Oncor Electric Delivery Company LLC’s (Oncor) annual reports on Form 10-K, quarterly reports on Form 10-Q, current reports on Form 8-K and any amendments to those reports are made available to the public, free of charge, on the Oncor website at http://www.oncor.com as soon as reasonably practicable after they have been filed with or furnished to the Securities and Exchange Commission.  The information on Oncor’s website or available by hyperlink from the website shall not be deemed a part of, or incorporated by reference into, this quarterly report on Form 10-QThe representations and warranties contained in any agreement that we have filed as an exhibit to this quarterly report on Form 10-Q or that we have or may publicly file in the future may contain representations and warranties made by and to the parties thereto as of specific dates.  Such representations and warranties may be subject to exceptions and qualifications contained in separate disclosure schedules, may represent the parties’ risk allocation in the particular transaction, or may be qualified by materiality standards that differ from what may be viewed as material for securities law purposes.



This Form 10-Q and other Securities and Exchange Commission filings of Oncor and its subsidiary occasionally make references to Oncor (or “we,” “our,” “us” or “the company”) when describing actions, rights or obligations of its subsidiary.  These references reflect the fact that the subsidiary is consolidated with Oncor for financial reporting purposes.  However, these references should not be interpreted to imply that Oncor is actually undertaking the action or has the rights or obligations of its subsidiary or that the subsidiary company is undertaking an action or has the rights or obligations of its parent company or of any other affiliate.

1

 


 



GLOSSARY



 





 

When the following terms and abbreviations appear in the text of this report, they have the meanings indicated. below.



2016 Form 10-K

Oncor’s Annual Report on Form 10-K for the year ended December 31, 2016

AMS

advanced metering system

Bondco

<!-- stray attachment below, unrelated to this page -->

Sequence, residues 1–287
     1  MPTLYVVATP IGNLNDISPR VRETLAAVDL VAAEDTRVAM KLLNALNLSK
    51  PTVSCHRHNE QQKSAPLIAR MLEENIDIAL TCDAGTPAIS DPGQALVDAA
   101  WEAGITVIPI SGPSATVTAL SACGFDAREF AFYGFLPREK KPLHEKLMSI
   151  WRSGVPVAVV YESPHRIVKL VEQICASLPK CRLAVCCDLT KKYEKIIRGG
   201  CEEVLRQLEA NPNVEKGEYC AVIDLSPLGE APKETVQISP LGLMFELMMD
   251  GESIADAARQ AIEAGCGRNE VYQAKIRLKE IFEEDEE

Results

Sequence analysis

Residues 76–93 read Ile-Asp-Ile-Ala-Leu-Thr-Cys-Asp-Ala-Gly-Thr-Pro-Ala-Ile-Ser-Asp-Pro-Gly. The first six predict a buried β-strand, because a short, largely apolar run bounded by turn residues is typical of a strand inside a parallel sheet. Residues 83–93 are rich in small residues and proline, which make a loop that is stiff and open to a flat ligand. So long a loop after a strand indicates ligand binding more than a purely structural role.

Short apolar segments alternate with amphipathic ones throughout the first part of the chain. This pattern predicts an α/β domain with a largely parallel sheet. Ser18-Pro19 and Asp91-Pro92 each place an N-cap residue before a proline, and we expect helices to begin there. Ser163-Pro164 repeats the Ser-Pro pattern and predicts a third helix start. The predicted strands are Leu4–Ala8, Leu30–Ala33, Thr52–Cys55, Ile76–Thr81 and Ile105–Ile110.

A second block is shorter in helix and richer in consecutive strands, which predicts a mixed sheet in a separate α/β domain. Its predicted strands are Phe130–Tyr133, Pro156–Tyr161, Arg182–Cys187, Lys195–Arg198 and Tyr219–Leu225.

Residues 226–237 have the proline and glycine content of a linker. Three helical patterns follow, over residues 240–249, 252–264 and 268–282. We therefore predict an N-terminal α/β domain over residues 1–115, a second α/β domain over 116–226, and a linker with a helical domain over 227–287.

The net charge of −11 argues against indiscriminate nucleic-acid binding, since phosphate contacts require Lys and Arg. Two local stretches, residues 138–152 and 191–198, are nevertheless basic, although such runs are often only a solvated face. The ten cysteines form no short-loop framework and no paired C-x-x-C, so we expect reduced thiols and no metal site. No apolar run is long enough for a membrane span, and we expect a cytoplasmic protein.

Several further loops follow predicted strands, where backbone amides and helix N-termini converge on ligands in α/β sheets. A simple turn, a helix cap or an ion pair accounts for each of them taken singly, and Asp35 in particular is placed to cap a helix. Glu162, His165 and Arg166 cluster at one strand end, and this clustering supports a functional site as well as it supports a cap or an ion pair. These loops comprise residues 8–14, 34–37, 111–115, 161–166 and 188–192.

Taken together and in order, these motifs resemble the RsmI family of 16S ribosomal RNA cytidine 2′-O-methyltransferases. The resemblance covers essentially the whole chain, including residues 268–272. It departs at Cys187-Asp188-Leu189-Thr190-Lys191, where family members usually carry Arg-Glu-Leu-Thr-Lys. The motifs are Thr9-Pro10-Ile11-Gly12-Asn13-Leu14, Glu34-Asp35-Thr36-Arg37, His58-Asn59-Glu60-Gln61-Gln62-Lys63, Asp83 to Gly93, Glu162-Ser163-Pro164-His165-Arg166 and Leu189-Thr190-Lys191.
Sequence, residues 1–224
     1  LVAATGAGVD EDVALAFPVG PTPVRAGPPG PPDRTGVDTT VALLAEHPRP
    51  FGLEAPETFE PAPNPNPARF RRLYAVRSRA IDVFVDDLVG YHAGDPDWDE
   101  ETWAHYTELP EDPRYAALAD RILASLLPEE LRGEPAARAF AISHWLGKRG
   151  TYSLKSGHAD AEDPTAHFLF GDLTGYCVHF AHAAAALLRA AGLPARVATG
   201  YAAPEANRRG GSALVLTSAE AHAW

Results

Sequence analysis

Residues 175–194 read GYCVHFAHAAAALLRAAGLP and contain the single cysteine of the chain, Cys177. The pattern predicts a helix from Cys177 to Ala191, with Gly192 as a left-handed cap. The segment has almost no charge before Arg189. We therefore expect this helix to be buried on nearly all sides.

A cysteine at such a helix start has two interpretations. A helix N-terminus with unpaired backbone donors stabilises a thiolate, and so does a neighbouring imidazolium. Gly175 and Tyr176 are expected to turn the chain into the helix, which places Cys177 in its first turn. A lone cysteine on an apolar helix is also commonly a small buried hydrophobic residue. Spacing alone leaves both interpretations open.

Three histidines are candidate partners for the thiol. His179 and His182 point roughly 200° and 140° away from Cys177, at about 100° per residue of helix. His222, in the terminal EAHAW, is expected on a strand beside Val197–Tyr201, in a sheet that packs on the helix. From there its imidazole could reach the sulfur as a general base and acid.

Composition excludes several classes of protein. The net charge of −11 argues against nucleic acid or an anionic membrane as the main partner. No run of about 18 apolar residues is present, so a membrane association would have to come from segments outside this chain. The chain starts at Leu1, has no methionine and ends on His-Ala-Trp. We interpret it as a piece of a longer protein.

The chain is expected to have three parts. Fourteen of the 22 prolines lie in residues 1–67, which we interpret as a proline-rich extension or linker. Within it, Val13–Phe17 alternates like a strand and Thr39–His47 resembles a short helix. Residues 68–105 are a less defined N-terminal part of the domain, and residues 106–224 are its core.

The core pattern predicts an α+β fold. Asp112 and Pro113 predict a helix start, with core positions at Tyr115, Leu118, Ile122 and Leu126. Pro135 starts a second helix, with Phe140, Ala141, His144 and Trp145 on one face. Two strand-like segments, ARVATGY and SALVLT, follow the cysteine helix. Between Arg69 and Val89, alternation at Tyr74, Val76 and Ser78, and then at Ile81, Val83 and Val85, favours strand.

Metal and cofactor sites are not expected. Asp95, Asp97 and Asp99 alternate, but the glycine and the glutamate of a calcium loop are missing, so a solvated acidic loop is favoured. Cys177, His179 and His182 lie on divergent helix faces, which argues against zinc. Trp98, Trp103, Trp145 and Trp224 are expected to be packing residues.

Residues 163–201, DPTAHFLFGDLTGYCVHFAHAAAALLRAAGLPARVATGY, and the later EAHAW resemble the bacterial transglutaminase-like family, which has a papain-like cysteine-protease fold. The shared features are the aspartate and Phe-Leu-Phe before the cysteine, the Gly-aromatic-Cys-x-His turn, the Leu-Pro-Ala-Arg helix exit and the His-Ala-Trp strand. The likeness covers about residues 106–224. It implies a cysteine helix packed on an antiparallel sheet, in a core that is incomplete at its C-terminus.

Refers to Oncor Electric Delivery Transition Bond Company LLC, a former wholly-owned consolidated bankruptcy-remote financing subsidiary of Oncor that had issued securitization (transition) bonds to recover certain regulatory assets and other costs. Bondco was dissolved effective December 29, 2016.

Contributed EFH Debtors

Certain EFH Debtors that became subsidiaries of Vistra and emerged from Chapter 11 at the time of the Vistra Spin-Off.

Debtors

EFH Corp. and the majority of its direct and indirect subsidiaries, including EFIH, EFCH and TCEH but excluding the Oncor Ring-Fenced Entities.  Prior to the Vistra Spin-Off, also included the TCEH Debtors.

Deed of Trust

Deed of Trust, Security Agreement and Fixture Filing, dated as of May 15, 2008, made by Oncor to and for the benefit of The Bank of New York Mellon Trust Company, N.A. (as successor to The Bank of New York Mellon, formerly The Bank of New York), as collateral agent, as amended

EECRF

energy efficiency cost recovery factor

EFCH

Refers to Energy Future Competitive Holdings Company LLC, a direct, wholly-owned subsidiary of EFH Corp. and prior to the Vistra Spin-Off, the parent of TCEH, and/or its subsidiaries, depending on context.

EFH Bankruptcy Proceedings

Refers to voluntary petitions for relief under Chapter 11 of the U.S. Bankruptcy Code filed in U.S. Bankruptcy Court for the District of Delaware on April 29, 2014 (EFH Petition Date) by EFH Corp. and the substantial majority of its direct and indirect subsidiaries, including EFIH, EFCH and TCEH.  The Oncor Ring-Fenced Entities are not parties to the EFH Bankruptcy Proceedings.

EFH Corp.

Refers to Energy Future Holdings Corp., a holding company, and/or its subsidiaries, depending on context.  Its major subsidiaries include Oncor and TCEH.

EFH Debtors

EFH Corp. and its subsidiaries that are Debtors in the EFH Bankruptcy Proceedings, excluding the TCEH Debtors 

EFH Petition Date

April 29, 2014.  See EFH Bankruptcy Proceedings above.

EFIH

Refers to Energy Future Intermediate Holding Company LLC, a direct, wholly-owned subsidiary of EFH Corp. and the direct parent of Oncor Holdings.

ERCOT